In Miller-Driscoll School, 97.7 percent of kindergarteners are compliant with all state vaccination requirements, according to the Connecticut Department of Public Health. The same percentage have been vaccinated for measles, mumps and rubella (MMR). This is above the 95 percent that need to be vaccinated in order for students to be “relatively safe” from measles, according to the federal Centers for Disease Control.
Similarly, 96.6 percent of seventh graders at Middlebrook are compliant for vaccinations in general, the same percentage for MMR.
This information is drawn from immunization information made public by the state health department on May 3. It is the first time information for each school in the state has been made public in a report that may be viewed online at https://portal.ct.gov/DPH/Immunizations/School-Survey.
According to the survey of schools, each with more than 30 students, there were 108 schools reporting MMR vaccination levels for kindergarten below 95%.
“While Connecticut’s immunization rate for measles, mumps, and rubella vaccination of kindergarteners remains high at 96.5%, we are also seeing a troubling trend that the number of students entering kindergarten who are not fully immunized is growing,” DPH Commissioner Renée Coleman-Mitchell said in a press release. “Our goal in releasing immunization data for each school is to increase public awareness of vaccination rates in local communities.”
She said she hopes this information will lead to greater immunization rates. Connecticut joins Maine, Massachusetts, Rhode Island and Vermont in releasing immunization rates by school.
Gov. Ned Lamont called the information in the survey, which was self-reported by each school, “startling,” adding it needs to be addressed. “This cannot become a public health crisis as we have seen in other states. Making sure all of our young students in Connecticut are safe is the number one priority,” he said.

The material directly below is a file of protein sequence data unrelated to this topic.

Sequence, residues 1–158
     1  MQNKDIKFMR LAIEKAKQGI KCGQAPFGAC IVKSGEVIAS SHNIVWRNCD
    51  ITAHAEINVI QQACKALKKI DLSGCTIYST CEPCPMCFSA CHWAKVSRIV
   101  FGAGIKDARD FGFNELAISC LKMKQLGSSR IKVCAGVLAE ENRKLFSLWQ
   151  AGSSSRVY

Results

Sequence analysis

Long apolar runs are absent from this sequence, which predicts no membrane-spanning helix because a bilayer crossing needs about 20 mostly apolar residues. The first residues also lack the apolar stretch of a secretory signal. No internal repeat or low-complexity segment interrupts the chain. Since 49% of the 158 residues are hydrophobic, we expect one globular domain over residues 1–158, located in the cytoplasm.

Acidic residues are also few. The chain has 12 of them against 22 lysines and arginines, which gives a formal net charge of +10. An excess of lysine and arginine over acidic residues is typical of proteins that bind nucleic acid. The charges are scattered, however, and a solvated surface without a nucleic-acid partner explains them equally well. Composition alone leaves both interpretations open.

As of April 26, at least 704 measles cases have been confirmed nationally in 22 states during 2019. This is the greatest number of cases reported in the United States since measles was eliminated from this country in 2000. There is currently an active, major measles outbreak in New York City impacting hundreds of families. In Connecticut this year, three measles cases have been confirmed and so far the state has been able to prevent a widespread outbreak of the disease.
Exemptions
At Miller-Driscoll, there are no kindergarteners receiving medical exemptions, but 2.3% of the students have religious exemptions.
At Middlebrook, the medical exemption rate among seventh graders is 0.6 percent, and the religious exemption rate is 2.8%.
Following is the percentage of students at Wilton schools with religious exemptions across all grade levels:


  • Cider Mill — zero percent.

  • Middlebrook — 1.3 percent.

  • Miller-Driscoll — 0.6 percent.

  • Our Lady of Fatima — 5.3 percent.

  • The Montessori School — 4.2 percent.

  • Wilton High School — 0.1 percent.


Following is the percentage of students at Wilton schools with medical exemptions across all grade levels:

  • Cider Mill — 0.1 percent.

  • Middlebrook — one percent.

  • Miller-Driscoll — 1.4 percent.

  • Our Lady of Fatima — 2.3 percent.

  • The Montessori School — 7.7 percent.

  • Wilton High School — 1.4 percent.


Neither Our Lady of Fatima nor The Montessori School were included in the statistics for kindergarteners or seventh graders.
When asked for comment, Lisa Potter, head of school at The Montessori School, said “The health and well-being of our students is the highest priority for us. Exemptions for medical or religious reasons are granted by the state of Connecticut, not by schools. Our school is 100% compliant with state law.”
Given that The Montessori School and Our Lady of Fatima have relatively smaller student populations, a few exemptions could skew the percentages higher.
The state allows medical exemptions to chldren who present a state medical exemption form and a letter signed by a health professional, such as a physician or advanced practice registered nurse saying the immunization is medically contraindicated.
Religious exemptions are granted to students whose parent or guardian claims an immunization is contrary to religious beliefs, although no documentation to support that belief is required.
Statewide, religious exemptions account for the vast majority of exemptions: 85.8 percent for kindergarten and 78.8 percent for seventh graders.
Statewide, 1,513 students entering kindergarten or seventh grade in 2017-2018 received exemptions, 1.8 percent of the student population. In 1999-2000, that number was 248 or 0.2 percent of the population.
Information on state school immunization requirements may be found at https://bit.ly/2J2BqO0 .